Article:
"Entangled Web"

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A wrapped box was on the kitchen table next to a platter of steaming bacon. Yes, just one present, but I had asked for only one thing, what every sixteen-year-old wants this year: the first quantum smartphone, the Amplitude iQ6.

“Happy birthday, sweetie,” Mom said. Dad pushed a plate of waffles shaped like the Death Star toward me.

I snagged a strip of bacon (crispy, almost charcoal, just the way I like it) and wiped my fingers clean before picking up the gift. I shredded the pink-heart paper (really, Mom?) to reveal the slim, black velvet case I’d been dreaming about.

Inside was a rectangle of translucent plastic engraved with my name. It glowed at my touch, the 3-D display informing me its name was Lex.

“‘Morning, Lex.” I stroked the phone’s cool surface, frowning at the laser-etched letters marring its sleek, simple perfection.

“Happy birthday, Erica.” Lex’s default voice was a sexy English lady, exactly what I would choose.

“How...?” Dad asked.

“Biometrics, dear,” Mom said.

“I’m already in its quantum database. Other Ericas, same prints.” I wiggled my fingers.

I started syncing my EveryMe account. No need to charge the phone even, because it drew power from the freaking air. Science FTW!

“--ignoring us. I already regret getting you that,” Dad said.

“I’m listening.” I scrolled through the transcript Lex had recorded of the conversation I’d fully missed.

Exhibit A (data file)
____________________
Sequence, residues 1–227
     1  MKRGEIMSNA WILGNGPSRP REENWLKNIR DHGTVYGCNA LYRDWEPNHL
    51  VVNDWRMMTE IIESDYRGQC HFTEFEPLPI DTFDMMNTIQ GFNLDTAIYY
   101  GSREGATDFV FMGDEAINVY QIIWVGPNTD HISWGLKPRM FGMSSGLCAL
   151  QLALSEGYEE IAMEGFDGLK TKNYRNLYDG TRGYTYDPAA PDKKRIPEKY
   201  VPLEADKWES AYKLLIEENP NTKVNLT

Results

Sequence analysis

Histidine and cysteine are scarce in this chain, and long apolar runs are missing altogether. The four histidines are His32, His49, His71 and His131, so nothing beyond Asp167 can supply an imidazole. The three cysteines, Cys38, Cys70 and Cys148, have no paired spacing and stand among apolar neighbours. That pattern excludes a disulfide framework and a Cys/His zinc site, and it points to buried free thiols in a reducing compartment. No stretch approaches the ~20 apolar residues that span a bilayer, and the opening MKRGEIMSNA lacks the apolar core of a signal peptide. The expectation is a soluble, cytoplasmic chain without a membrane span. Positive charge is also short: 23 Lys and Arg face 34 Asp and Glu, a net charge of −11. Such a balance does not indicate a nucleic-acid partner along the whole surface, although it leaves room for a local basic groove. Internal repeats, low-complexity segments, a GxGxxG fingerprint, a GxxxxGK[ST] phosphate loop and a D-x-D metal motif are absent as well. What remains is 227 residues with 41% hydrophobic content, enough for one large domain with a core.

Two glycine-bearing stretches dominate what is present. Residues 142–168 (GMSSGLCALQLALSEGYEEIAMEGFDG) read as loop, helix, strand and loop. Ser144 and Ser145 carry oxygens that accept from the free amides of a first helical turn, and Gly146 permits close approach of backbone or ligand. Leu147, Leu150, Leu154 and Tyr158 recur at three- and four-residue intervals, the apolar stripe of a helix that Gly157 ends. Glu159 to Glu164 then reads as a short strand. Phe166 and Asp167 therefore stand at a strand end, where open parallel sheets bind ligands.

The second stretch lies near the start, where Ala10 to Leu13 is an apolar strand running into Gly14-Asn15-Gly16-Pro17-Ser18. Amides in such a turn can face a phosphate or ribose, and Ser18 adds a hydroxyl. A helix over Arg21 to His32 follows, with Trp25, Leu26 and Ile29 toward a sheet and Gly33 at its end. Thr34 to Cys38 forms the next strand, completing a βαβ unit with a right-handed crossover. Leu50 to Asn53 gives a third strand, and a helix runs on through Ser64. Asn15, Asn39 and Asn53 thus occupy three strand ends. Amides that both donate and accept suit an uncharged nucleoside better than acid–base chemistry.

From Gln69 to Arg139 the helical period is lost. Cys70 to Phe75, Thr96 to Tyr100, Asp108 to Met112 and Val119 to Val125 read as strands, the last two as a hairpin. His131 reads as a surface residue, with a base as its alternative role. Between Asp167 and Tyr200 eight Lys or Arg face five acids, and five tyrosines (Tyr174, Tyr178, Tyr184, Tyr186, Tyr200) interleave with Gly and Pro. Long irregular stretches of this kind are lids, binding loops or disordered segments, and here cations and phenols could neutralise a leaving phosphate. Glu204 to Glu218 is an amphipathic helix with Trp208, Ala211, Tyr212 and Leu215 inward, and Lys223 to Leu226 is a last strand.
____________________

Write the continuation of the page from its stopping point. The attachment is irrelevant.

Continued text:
Mom: We’ll pay for six months of service, but then you’re on your own.

Dad: A car would have been cheaper in the long run, and more useful. Helloooo? Oh, you’re ignoring us.

“Six months is fully generous,” I said. I’d need to pick up an extra couple shifts a week at the bowling alley to afford my new gadget. “Thanks, guys. I love you.”

Aw. Group hug.

By the time I was dressed for school, my phone was ready.

I was ready.

The main reason everyone wants a quantum smartphone? To run its exclusive app: Tangle. I tapped the pulsing triangular icon, and my world expanded.

#

I snapped a picture of my bus as it arrived and uploaded it to Tangle. I climbed onboard, thumbing through identical photos of other buses.

No, not identical -- similar. My school bus was classic yellow, but some were puke green or black and grey, or even a weird shape. In most pics Craig was in his usual seat, third from the front.

I didn’t think too hard about the ones where he wasn’t.

“You got it!” Craig said when I sat next to him. “Hippo birdie.” He tapped his iQ6 against mine like a champagne toast. Our phones flared pink as Katie and Lex bonded. BPFs: Best Phones Forever!

“So?” Craig asked.

“Undecided. There’s too much info coming at me.”

My number of Tangle followers was increasing by the second.

“You’re auto following. Here.” Craig showed me how to limit my feed to the Ericas who were most like me, taking it to a manageable 430. And counting.

“Quick, check this.” He tipped his phone toward me.